Dallas hospital shooting spurs new bills targeting ankle monitors
State Rep. Rafael Anchía, D-Dallas, says the bills can make hospitals safer while making it a felony for people on parole to remove an ankle monitor.
A Dallas lawmaker is pushing new legislation that would tighten restrictions on hospital visitations for people on parole in response to October's deadly hospital shooting in Oak Cliff.
House Bill 3547 is part of a legislative package known as the Pokuaa-Flowers Act, named after two workers at Methodist Dallas Medical Center who were shot and killed in October. The bill would prohibit anyone on parole from visiting a hospital for any purpose other than emergency care unless given permission from a parole officer.
If that permission is granted, the bill says a hospital would face no liability if the person does commit a violent act.
The legislation comes about four months after police say Nestor Hernandez shot and killed Jaqueline Pokuaa, 45, and Katie Flowers, 63, after striking his girlfriend with a gun while she was in the hospital's maternity ward. Hernandez — who state prison officials said was on parole with an ankle monitor at the time — had been granted permission to be at the hospital for his girlfriend's delivery on the day of the shooting.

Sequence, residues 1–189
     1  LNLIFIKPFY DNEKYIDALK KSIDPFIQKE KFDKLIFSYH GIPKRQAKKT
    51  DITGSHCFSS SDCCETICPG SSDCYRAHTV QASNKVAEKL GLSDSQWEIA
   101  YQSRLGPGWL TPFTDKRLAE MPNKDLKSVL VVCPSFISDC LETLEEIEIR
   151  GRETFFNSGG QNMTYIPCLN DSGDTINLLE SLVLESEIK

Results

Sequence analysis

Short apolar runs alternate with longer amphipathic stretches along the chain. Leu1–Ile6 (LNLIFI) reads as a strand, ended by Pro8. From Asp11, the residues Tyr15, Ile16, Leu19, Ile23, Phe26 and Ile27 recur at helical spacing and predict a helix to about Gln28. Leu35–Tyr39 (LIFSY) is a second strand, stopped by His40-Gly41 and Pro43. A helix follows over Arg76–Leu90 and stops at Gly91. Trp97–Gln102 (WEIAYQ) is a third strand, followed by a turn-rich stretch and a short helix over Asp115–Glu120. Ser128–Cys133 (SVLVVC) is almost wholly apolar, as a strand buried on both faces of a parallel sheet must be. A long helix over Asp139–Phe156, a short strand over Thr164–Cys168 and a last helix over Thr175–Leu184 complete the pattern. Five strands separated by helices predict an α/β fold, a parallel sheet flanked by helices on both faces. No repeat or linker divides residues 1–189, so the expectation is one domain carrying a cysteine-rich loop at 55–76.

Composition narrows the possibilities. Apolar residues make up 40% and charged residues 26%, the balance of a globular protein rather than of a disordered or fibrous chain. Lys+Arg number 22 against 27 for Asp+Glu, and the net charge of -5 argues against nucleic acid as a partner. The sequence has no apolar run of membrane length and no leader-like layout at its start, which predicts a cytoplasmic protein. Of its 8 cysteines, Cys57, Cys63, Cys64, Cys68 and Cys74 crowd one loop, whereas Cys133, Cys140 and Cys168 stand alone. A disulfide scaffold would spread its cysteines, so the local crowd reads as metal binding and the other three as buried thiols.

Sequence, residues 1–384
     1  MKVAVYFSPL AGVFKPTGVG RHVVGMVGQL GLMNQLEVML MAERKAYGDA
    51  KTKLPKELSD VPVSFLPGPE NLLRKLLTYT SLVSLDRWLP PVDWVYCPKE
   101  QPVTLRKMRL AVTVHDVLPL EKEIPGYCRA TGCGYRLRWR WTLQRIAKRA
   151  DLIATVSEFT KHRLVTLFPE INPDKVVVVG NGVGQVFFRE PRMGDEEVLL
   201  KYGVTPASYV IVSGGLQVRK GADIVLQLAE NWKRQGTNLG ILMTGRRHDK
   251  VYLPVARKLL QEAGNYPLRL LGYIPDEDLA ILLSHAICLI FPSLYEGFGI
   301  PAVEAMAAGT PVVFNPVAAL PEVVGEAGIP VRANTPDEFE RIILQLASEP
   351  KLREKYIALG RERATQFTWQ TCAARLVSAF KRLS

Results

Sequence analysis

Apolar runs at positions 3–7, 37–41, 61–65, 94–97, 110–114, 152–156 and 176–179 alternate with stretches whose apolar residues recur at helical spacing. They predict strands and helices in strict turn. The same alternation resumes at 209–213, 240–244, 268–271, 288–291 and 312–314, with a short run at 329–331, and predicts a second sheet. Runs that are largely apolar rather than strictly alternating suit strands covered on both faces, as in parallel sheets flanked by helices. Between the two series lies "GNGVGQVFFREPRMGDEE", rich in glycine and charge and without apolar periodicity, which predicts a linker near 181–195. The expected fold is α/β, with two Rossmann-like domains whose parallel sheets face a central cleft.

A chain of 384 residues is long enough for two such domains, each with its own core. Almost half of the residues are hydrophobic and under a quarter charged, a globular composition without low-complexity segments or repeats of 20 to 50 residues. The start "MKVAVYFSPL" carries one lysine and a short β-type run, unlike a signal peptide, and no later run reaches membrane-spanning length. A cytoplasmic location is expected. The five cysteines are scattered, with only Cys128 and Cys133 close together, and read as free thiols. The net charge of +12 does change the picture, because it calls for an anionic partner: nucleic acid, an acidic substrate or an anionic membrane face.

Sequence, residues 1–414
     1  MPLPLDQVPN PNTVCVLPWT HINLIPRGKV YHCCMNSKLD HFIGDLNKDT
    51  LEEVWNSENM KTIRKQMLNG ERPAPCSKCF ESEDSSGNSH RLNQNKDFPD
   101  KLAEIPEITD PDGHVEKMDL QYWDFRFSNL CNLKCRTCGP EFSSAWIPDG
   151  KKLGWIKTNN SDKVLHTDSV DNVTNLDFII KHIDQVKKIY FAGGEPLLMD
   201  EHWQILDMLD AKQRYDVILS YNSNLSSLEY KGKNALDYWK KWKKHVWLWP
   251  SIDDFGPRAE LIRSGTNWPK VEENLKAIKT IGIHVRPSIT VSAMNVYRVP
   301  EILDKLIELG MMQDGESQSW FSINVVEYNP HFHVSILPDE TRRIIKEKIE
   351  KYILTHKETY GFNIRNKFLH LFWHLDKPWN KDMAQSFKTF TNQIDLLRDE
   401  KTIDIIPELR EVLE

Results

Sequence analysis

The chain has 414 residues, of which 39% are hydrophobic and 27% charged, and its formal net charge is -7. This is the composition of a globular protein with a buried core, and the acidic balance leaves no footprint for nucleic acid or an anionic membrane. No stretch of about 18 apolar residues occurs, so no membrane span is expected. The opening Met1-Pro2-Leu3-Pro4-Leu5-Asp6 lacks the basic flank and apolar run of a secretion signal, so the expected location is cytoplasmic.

The legislative package was sponsored by state Rep. Rafael Anchía, D-Dallas, who called the shooting a systemic failure.
"In this instance, law enforcement arrested, law enforcement jailed [him]," Anchía told reporters at a press conference Monday. "It was the rest of the system that really failed."
The package of bills also includes HB 3548, which would increase criminal penalties for attacking some hospital personnel, and HB 3549, which would increase penalties for people on parole who remove an ankle monitor.
"Our hospitals need to be safe havens, and our hospital workers need to be protected," Anchía said.
The legislation was praised by Dallas Police Chief Eddie Garcia, who attended Monday's press conference at Dallas Police Department headquarters.
"What's in place now is not working and has cost lives," Garcia said. "This bill is a start to holding our most violent offenders accountable for their actions, and most importantly, a start at saving lives from violent acts."
Steve Love, the president of the Dallas Fort Worth Hospital Council, said he appreciated the proposed legislation. He also cited a report by the American Hospital Association that says 68% of nurses experience verbal abuse and in some cases physical violence.
"We understand that emotions run high — also, sometimes it's the best day of your life," Love said. "It's kind of a tough balancing act, in many cases, to have the protective measures in place that you need for security, and have a safe environment and haven for people to visit."
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